Regulation News

US aggregate industry responds to Trump victory

Multiple media sources have reported that the US president-elect has promised an infrastructure improvement plan that some claim could involve spending as high as $USD1 trillion ($AUD1.4 trillion).

It is claimed the 10-year spending package would mostly rely on private financing through tax credits to investors and lowering the cost of borrowing to participating states.

Roads, bridges, tunnels, airports, railways, ports, waterways and pipelines are said to be in line for upgrades under the proposed bill.

The National Stone, Sand & Gravel Association (NSSGA), a leading voice and advocate for the US aggregates industry, released a statement in the wake of the election that the Republicans may advance the new legislation next year.

According to the statement, House majority leader Kevin McCarthy told reporters the bill could be a priority for Congress next year.

“I think the infrastructure of America is lagging far behind. I think this is one that can be a priority. I also believe it can be a bipartisan issue,” he was quoted as saying.

The NSSGA released a separate statement claiming the newly appointed leadership of the US senate would be favourable to the aggregates industry.

Director of government affairs for NSSGA Ashley Amidon said the NSSGA was “well-positioned” with the appointment of new chairman John Barasso and Tom Carper as top Democrat to the Senate Environment and Public Works (EPW) Committee.

The committee has jurisdiction over infrastructure spending and environmental regulations and would play an integral role in discussions on the proposed infrastructure investment package.

The senators’ views are said to be favourable to aggregates producers and Amidon said they would have a “significant impact” on the committee’s policies.

“That wall”
Although the US aggregates industry has welcomed Trump’s election with an open mind, its opinion would appear to be sceptical about Trump’s much-vaunted election promise to build a wall along the US-Mexico border.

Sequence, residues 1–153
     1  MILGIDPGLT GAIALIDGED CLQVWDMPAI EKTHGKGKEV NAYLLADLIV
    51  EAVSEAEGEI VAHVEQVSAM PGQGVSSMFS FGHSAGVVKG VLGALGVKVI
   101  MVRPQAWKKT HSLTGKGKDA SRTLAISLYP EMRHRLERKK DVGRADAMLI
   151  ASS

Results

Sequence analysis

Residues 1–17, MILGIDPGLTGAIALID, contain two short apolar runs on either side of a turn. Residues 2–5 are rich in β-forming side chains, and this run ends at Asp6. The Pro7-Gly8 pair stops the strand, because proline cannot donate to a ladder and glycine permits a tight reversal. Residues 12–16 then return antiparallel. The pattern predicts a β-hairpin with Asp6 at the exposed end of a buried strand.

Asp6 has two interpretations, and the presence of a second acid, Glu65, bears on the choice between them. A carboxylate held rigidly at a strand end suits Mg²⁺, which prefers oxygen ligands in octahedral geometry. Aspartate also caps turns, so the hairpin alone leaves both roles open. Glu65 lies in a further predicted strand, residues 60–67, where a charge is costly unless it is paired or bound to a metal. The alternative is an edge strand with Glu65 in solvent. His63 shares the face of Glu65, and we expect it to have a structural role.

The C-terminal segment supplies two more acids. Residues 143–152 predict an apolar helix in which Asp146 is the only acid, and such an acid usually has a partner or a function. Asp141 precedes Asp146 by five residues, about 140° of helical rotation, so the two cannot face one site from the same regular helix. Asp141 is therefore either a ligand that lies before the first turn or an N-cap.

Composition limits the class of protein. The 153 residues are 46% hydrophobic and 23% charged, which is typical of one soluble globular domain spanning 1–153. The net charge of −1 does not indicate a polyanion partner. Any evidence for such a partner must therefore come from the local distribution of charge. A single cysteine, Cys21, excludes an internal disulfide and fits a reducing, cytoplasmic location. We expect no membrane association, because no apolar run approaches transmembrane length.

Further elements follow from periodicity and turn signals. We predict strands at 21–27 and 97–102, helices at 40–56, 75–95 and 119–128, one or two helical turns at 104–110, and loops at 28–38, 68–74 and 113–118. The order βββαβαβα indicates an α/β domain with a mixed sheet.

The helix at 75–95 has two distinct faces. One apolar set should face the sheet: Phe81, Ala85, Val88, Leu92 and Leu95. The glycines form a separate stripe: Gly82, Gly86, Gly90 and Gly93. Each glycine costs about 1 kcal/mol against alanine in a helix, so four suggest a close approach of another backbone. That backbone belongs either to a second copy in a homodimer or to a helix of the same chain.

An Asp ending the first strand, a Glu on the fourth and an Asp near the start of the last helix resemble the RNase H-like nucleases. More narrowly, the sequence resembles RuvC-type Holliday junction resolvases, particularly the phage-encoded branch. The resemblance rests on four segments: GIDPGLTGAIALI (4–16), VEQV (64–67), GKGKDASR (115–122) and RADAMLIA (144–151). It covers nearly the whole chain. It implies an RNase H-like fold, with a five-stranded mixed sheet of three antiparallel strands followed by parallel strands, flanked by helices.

Although Trump claimed the cost of the wall would be $USD12 billion ($AUD16.3 billion), a Washington Post study has estimated the cost of the wall would be closer to $USD25 billion ($AUD33.9 billion).

Trump asserted that Mexico would have to pay for the wall but Mexican President Enrique Peña Nieto has publically stated the country refuses to foot the bill.

According to Business Insider, the construction of the wall along the 2000 mile (or 3200km) border would require 339 million ft3 (9.6 million m3) of concrete.

Were it to proceed, it would provide huge demand for aggregates. However, the publication approached architects who said the physical challenges would make its construction nearly impossible.

US-based aggregates publication Rock Products said the “bottom line” was “$1 trillion in infrastructure investment and 339 million ft3 of concrete translates into a lot of aggregate”.

“Could either or both of these proposals actually come to fruition?” it asked.

“Some experts and analysts believe it is wishful thinking. But even at lower levels of investment, the aggregates industry could be in for a golden era over the next decade.”

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